1989 Award Winners
1989 Kansas Master Teachers
* Special Award, ** Black Endowed Chair Recipient
Tanya Channell, USD 489 Hays
Max Ferguson, USD 254 Barber County North
Lois Schweitzer Gray, USD 382 Pratt
Carolyn Koch, USD 253 Emporia
Ada Ligia R. Paquette, USD 475 Geary County
Mary Anne Trickle, USD 305 Salina
Gary D. Wilkerson, USD 260 Derby
This program contains the names of the Master Teacher Nominees for the year listed here.
Biographies below were included in the program for the year listed here and were current as of that time.
Washington Elementary School
USD 489 Hays
Tanya Channell's first "job" in education was not in teaching; instead she worked as a school secretary and substituted in classrooms while her husband was the "official teacher." Channell's actual teaching career began in 1974 at Roosevelt School in Hays. Channell became the principal at Washington Elementary School in 1981.
A native of Belleville, Channell received all of her degrees from Fort Hays State. They include a B.S. degree in elementary education (1971), an M.S. degree in counseling (1973) , and an Ed.S. degree in administration (1981).
In 1980, the Hays National Education Association (NEA) named Channell its Outstanding Young Educator. A regular summer school teacher, Channell became the district's director of summer school last year when she designed a new format for the summer school program. She also has been a leader in developing human sexuality and AIDS materials as well as a health curriculum for USD #489.
Channell led Washington School's efforts at becoming one of the recipients of the 1988 Drug Free School Awards in Kansas ; her school also received an outstanding energy conservation project award. In the community, Channel is a Salvation Army volunteer, member of the board of the Hadley Center for Women, a Sunday and bible school teacher, an alumni chapter advisor for the Sigma Sigma Sigma sorority, and a member of Parents and Children Together.
"I always take a strong personal interest in my students," said Channell. "I make it a point to get to know students' families and I encourage parents to participate whenever possible in school classrooms and activities. It is important that my students know I care about them and I celebrate their accomplishments and successes both in and out of the school setting."
Seventh and Eighth Grade
Medicine Lodge Intermediate School
USD 254 Barber County North
Max Ferguson has spent his 13-year coaching and teaching career in the seventh and eighth grades at Medicine Lodge Intermediate School.
A native of Newton, Ferguson received his B.S.E. degree in 1974 from Southwestern College (Winfield), and his M.S. degree in elementary education in 1982 from Wichita State University.
Ferguson, who comes from a family of educators, teaches social studies, reading, and physical education, and he coaches junior high football , track and freshman boys basketball. Recent assignments have included teaching a drug prevention program and human sexuality and AIDS education.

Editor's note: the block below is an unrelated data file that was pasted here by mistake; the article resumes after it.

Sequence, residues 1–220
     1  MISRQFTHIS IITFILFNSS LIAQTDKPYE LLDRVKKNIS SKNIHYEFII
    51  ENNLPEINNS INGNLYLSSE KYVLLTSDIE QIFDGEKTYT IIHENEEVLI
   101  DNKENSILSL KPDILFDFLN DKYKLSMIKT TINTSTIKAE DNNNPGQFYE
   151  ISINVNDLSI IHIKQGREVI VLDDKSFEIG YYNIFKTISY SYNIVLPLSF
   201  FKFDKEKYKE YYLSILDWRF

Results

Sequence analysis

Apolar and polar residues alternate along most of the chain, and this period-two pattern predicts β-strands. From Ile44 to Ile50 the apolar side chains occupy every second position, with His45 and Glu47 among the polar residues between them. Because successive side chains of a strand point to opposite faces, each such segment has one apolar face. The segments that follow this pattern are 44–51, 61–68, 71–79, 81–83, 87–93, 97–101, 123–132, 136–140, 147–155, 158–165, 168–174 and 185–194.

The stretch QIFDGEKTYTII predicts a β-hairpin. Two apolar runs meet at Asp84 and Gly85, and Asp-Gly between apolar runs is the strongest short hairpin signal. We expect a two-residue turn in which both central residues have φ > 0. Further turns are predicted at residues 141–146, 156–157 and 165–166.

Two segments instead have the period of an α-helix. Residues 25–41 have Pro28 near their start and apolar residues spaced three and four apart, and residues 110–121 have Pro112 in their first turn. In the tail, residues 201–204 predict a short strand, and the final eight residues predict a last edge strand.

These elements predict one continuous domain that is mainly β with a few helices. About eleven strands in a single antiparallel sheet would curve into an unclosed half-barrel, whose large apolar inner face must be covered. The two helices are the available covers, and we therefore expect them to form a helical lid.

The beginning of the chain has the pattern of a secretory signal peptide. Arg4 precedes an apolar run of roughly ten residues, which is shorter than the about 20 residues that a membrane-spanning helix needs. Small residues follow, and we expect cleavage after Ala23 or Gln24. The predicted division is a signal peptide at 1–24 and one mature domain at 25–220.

Ferguson is active in numerous professional associations, including the local and state National Education Associations. He also belongs to the Kansas Association for Middle Level Education, Parent Teacher Association, Boy Scouts, Kansas Coaches Association, and United Methodist Church. He has been active in the Medicine Lodge Indian Peace Treaty Pageant.
Ferguson served as president of the Gyp Hills NEA, chaired the district's AIDS and Human Sexuality Committee, and was a founder of the Barber County Patrons Advocacy League. He also was on the state evaluation team serving Goddard Public Schools.
"As a teacher, I strive to fulfill an obligation to challenge young people to reach toward goals in all areas - intellectual, social, physical, and emotional," said Ferguson. "By trying to create a positive and enjoyable environment in the classroom and using a variety of teaching methods, I am able to provide an atmosphere that encourages satisfaction and accomplishment for all students. I look forward to my future in education, knowing that next year will be my best year yet."
Lois Schweitzer Gray
Third Grade Teacher
USD 382 Pratt
Lois Gray uses a unique approach in her classroom to encourage students to communicate and share their problems in a non-threatening way. She has a full-sized mailbox beside her desk in which students can place notes to her about concerns they might not wish to talk about out loud.
Gray's first teaching assignment was 30 years ago in the Kincaid Elementary School. Since then, she has taught elementary school in Kismet, Plains, and Pratt, in virtually every grade from K-8. She currently teaches third grade at Southwest School.
A native of Princeton, Gray received a provisional certificate in 1958 from Emporia State to begin her teaching career. She attended ESU for several years before finally earning her B.S.E. degree in 1972. She received her M.S. degree from Wichita State (1982).
Gray's community leadership in Pratt has included membership in Beta Sigma Phi, where she was president and Valentine Queen, and involvement in local and state NEA associations, the American Association of University Women (AAUW), and Delta Kappa Gamma. She has been in the lay ministry program and on the administrative board of the United Methodist Church, has been a member of the local Faculty Dames, and is an annual supporter of the Miss Kansas Pageant.
"I must possess concern for each child to the extent that it means identifying his unique qualities, being responsive to his feelings and aspirations, and finding a place in the curriculum where the child can be successful, comfortable, and secure," said Gray. "I must be alert to students' constantly changing needs and provide innovative, flexible, strategies that render encouragement and positive self-esteem. My classroom must be an inviting place where there is excitement, a positive, caring atmosphere, and high expectations for learning."
Reading and English Teacher
Emporia High School
USD 253 Emporia
As a way to "let down her hair," Carolyn Koch crashes into other people in demolition derbies. She says that experience of "bashing" cars has helped her as a reading and English teacher.
Koch has been teaching in the Emporia area since 1971. From 1971-74, she was at Strong City High School; since 1974, she has taught reading at
Emporia High School. Koch, a native of Great Bend, received three education degrees from Emporia State University - her B.S.E. degree in 1971 , M.S. degree in 1977, and Ed.S. degree in 1981.